Sunday, April 14, 2013

Silent Masterpiece — Harold Lloyd's Speedy at the Julien Dubuque Int'l Film Festival

Taking us back to the innocent and playful origins of film, Harold Lloyd's Speedy is a silent masterpiece of clever theater and hilarious fun.

View 1962 interview with Harold Lloyd, along with several clips of other silent film stars and some discussion of why Lloyd was different from Chaplin.

As the marquee Saturday night event of the four-day Julien Dubuque International Film Festival, Speedy did for the audience what films rarely do: it got them laughing out loud and talking to each other afterward. The sense of community it engendered was as inspiring as it was surprising. 

Set to an original score and meant to be seen with a live orchestra, the story is of a penniless but enterprising working-class person in New York City, a believable character who must overcome financial odds to protect his father's business and win the woman he loves.

His pursuit of work gets him a job driving a cab, which earns him his titular nickname, and gets him into all sorts of trouble. The production quality of the scenes racing through Manhattan is high; they are almost breathtaking and would have been extremely difficult to film.
My children followed the story and most of the humor, some of which is three-stooges style slapstick and some of which is quite subtle and clever.
They especially liked the cameo appearance of Babe Ruth, who acts in remarkably convincing fashion.

View scene with Babe Ruth in cab (it won't be as good here as the live orchestra!)

Speedy works as a film because of its humor, but also in the way it pays homage to New York, and to the underdog. There is a universal story here about struggling with the powers that be, and doing so with flair and grace.

Kudos once again to the the JDIFF for their inclusion of this important piece of film history, and having everyone be so delighted and entertained in the process.

Sunday, April 7, 2013

Vidal Sassoon — The 2013 Julien Dubuque Int'l Film Festival

Sometimes we come across someone who is so inspired, so driven at the core of their being, that they can influence us in an area in which we might not normally have any interest. Such is the case with the seminal persona of Vidal Sassoon (1928-2012).


This fascinating documentary is a multi-faceted portrayal of a man whose life was dedicated to hair, who gave women a new way of thinking about their own self-image and their very role in life.

The most reproduced image of a hairstyle ever
VS wanted to eliminate the superfluous, get down to the basic. In doing so he created a look no one had ever seen, and one that still looks contemporary.
The 5-point cut

A survey of recent glamor magazines confirms that the 5-point cut design VS pioneered fifty years ago is still alive and even ahead of its time.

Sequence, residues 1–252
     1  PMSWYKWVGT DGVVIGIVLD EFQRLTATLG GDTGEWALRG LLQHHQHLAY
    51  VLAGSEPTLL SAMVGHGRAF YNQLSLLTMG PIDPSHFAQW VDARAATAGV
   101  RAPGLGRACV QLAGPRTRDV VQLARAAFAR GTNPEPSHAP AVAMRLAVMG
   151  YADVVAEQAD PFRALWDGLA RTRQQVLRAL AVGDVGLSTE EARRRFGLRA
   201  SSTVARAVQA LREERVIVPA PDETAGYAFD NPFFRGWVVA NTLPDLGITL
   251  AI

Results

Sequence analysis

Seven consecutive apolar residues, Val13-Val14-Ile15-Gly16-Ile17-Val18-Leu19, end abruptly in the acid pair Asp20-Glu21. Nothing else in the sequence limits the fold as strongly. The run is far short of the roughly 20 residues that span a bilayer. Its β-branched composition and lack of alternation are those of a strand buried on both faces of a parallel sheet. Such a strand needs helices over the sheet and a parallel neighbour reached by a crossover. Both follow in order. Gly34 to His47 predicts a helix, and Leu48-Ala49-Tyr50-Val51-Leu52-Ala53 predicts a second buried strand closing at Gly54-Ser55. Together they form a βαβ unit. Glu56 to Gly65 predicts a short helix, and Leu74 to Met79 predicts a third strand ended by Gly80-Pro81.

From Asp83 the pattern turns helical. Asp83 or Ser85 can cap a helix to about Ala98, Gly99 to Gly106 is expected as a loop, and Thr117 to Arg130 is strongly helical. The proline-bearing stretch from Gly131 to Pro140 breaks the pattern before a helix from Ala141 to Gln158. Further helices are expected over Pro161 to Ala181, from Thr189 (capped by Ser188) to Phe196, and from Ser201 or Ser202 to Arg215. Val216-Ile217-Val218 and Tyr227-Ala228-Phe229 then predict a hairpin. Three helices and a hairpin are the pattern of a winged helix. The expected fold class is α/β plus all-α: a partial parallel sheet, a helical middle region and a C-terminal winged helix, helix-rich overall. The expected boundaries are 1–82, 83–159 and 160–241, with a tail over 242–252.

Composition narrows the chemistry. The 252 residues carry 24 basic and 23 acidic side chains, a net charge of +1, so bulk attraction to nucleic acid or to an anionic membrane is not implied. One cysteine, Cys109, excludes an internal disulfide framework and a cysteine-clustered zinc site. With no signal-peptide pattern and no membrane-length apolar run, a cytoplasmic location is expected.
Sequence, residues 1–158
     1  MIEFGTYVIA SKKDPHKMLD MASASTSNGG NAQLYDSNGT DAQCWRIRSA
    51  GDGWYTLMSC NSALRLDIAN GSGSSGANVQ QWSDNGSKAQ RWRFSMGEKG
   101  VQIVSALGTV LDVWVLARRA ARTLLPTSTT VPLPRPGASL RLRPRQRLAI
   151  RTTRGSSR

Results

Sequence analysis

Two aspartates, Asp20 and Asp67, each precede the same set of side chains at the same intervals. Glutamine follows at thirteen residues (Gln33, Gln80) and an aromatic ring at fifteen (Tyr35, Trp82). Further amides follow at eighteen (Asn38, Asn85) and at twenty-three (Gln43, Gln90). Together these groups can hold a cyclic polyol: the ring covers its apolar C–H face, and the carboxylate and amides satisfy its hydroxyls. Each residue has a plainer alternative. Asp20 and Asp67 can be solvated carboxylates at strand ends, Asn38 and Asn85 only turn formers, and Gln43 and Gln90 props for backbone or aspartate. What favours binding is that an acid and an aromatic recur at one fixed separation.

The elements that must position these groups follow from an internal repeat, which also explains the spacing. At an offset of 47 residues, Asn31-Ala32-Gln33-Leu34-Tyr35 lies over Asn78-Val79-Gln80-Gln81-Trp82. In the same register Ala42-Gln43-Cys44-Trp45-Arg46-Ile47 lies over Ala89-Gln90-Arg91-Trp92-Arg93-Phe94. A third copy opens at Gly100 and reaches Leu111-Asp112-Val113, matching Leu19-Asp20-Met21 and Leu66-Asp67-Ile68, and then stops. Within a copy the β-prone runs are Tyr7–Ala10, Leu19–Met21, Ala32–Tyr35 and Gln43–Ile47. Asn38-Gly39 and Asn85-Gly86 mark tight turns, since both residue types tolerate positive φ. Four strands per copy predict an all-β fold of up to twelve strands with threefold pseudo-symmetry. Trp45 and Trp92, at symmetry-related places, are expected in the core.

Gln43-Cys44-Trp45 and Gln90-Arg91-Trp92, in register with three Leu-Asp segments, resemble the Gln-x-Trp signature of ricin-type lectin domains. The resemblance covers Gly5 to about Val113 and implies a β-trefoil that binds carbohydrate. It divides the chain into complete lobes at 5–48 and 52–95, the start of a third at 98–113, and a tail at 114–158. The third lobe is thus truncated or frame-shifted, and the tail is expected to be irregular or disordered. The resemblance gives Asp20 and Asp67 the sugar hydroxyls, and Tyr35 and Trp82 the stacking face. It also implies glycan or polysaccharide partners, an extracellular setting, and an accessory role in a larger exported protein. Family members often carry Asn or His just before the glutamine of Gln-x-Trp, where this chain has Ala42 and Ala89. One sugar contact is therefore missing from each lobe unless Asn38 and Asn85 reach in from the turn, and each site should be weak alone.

"Hairdressing needs to change in response to architecture." VS was influenced by the minimalism and geometry of the Bauhaus school. "Geometry, angles, and shapes must be suited to the bone structure" of the woman's face.

He would convince clients to do things his way, not theirs. "Don't you want to give me what I want?" they would ask. "Listen," he would say, with a whispered, almost hypnotic intensity,
"People who go out on a limb, who really get to who they are, they don't do things the way they were used to."

Haircutting was about liberating the self, allowing one's own inner expression to shine through. It allowed women to escape from the weekly perm-and-puff tending to their hair. Sassoon's influence came to the fore in the 1960's when there were many other movements afoot changing the role of women.

"You can't go through life on a fairy tale." VS's daughter overdosed and died on New Year's Day around five years prior to the documentary (around 2005). He reflects soberly on this downturn in an otherwise star-struck life. VS took lessons from an acting coach, to get over his cockney, to appeal to a wider, more sophisticated audience and clientele. He and his first wife were very good at being on television and eventually found themselves in Los Angeles with a talk show and a $400 million-dollar product line to market.
The move to L.A. and the plunge into product sales was "good for product, bad for family." This unfortunate story line seems to be so common among those who have his level of energy and creativity - one wonders why this has to be so. He reflects that he went away from what was truly at the core: cutting hair, interacting in real time with the living sculpture of a woman's face.

His advice for anyone who is an artist: it will take more time at your craft to master it, even putting in 14-hour days. Nine years of preparation, he says, went into the discovery of the five-point cut. And this: "Most of my progressive thoughts and attitudes happened when I was alone."

He kept very fit; swam and was extremely flexible. He had a generous heart; a surprising moment in the documentary comes in the telling of his finding a way to build 23 homes in New Orleans after Katrina.
The energy flowing from the Vidal Sassoon salons—originally just one in London, then in New York, now around the world—has influenced a generation of stylists and teachers. He touched the lives of countless women who discovered new way of looking at themselves, their own potential.

The world was richer for his life and presence, and one cannot but come away from this inspiring documentary with a sense of optimism and renewed dedication to their own potential.

We might see our image in terms of our hair, but perhaps more importantly, we can see it whatever craft we might be pursuing, and give to the world as he did.